Transforming philanthropy means transforming the institutions that practice it. What does this mean for their attitudes and their day-to-day work?
Philanthropy needs to change – this seems to be the common denominator in current debates and in this special feature of Alliance magazine. But what does it really mean for large or small philanthropic organisations to embrace a culture of trust, participation and/or inclusion? This organisational shift is a leadership and management task and presents dilemmas since it raises questions around power and culture within the organisation. Based on our – selective – experiences as managers and advisors in the field and a series of qualitative interviews over the course of the second half of 2022 we try to answer some of these questions.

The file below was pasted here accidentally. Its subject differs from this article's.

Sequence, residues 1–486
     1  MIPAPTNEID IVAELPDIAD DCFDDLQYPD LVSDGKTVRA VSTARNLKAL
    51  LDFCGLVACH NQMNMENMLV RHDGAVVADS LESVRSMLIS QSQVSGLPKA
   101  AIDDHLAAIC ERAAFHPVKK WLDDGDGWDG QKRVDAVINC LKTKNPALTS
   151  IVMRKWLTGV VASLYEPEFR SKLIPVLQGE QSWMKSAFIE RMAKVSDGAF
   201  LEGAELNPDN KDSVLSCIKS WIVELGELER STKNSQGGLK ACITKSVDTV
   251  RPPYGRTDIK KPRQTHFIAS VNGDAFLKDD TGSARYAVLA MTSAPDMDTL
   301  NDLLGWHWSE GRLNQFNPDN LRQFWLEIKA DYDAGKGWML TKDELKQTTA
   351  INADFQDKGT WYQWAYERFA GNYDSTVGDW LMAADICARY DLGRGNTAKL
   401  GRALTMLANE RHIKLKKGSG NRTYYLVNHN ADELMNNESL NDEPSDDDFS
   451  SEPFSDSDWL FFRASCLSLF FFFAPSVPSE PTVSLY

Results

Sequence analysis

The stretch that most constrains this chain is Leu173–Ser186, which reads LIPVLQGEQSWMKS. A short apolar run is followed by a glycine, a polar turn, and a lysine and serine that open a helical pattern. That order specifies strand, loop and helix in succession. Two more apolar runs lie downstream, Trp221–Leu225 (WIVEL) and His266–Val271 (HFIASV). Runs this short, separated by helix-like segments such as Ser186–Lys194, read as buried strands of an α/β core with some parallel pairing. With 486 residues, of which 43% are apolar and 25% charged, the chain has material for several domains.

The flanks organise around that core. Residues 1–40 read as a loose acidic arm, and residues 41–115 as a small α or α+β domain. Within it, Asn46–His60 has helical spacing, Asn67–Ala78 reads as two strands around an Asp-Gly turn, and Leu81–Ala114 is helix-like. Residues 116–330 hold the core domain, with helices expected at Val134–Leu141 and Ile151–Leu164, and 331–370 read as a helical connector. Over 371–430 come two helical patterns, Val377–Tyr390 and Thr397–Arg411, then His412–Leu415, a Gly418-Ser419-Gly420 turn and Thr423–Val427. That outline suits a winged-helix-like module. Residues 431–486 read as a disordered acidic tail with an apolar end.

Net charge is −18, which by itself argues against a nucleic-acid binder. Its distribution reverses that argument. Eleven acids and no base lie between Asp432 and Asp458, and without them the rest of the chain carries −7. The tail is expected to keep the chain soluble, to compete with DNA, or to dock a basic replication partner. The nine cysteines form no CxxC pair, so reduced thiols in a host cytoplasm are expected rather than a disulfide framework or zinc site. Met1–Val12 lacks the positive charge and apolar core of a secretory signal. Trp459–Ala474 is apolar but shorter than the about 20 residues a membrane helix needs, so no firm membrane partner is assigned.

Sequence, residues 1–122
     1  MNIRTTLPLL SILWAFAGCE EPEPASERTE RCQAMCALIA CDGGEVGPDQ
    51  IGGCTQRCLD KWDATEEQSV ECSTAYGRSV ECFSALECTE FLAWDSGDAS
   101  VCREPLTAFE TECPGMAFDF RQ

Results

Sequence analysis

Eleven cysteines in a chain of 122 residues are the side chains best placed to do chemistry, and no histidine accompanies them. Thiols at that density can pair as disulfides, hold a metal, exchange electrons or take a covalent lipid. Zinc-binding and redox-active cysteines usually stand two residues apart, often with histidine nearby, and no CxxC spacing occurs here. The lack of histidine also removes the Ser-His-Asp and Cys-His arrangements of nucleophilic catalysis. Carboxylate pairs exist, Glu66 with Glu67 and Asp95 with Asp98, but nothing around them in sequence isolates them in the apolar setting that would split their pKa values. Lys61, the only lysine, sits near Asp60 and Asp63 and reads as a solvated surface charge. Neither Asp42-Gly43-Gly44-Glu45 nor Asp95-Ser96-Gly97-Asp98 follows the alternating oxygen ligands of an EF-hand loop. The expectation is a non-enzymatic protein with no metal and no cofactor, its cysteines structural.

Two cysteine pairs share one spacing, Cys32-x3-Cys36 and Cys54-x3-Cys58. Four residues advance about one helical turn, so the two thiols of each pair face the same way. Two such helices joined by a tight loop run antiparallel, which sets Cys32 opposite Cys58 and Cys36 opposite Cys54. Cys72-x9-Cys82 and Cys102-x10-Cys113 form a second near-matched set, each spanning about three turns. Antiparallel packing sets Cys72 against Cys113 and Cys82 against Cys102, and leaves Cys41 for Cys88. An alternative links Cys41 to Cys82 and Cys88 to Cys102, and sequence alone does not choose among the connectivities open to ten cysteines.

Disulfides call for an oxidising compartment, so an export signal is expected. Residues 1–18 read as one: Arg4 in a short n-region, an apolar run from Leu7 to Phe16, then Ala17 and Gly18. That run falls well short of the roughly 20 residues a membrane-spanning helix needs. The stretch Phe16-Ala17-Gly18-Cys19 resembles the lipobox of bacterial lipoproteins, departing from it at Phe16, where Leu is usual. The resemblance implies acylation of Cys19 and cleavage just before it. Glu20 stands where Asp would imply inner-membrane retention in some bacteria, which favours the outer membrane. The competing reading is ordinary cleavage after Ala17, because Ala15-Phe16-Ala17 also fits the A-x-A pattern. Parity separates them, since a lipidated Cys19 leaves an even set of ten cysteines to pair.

Let’s go straight to the point, transformation is possible and it’s done by a few, but let’s not minimise the fact that it’s a matter of making a fundamental change in mindset and in the way of conceiving the symbolic, political and social role of philanthropy.
Beyond the important strategic questions of what we are trying to accomplish and why, the questions raised by this change are: who do we serve, to whom are we indebted, to whom do we belong? It’s also about the belief that reciprocity, trust and power-sharing will lead to better results.
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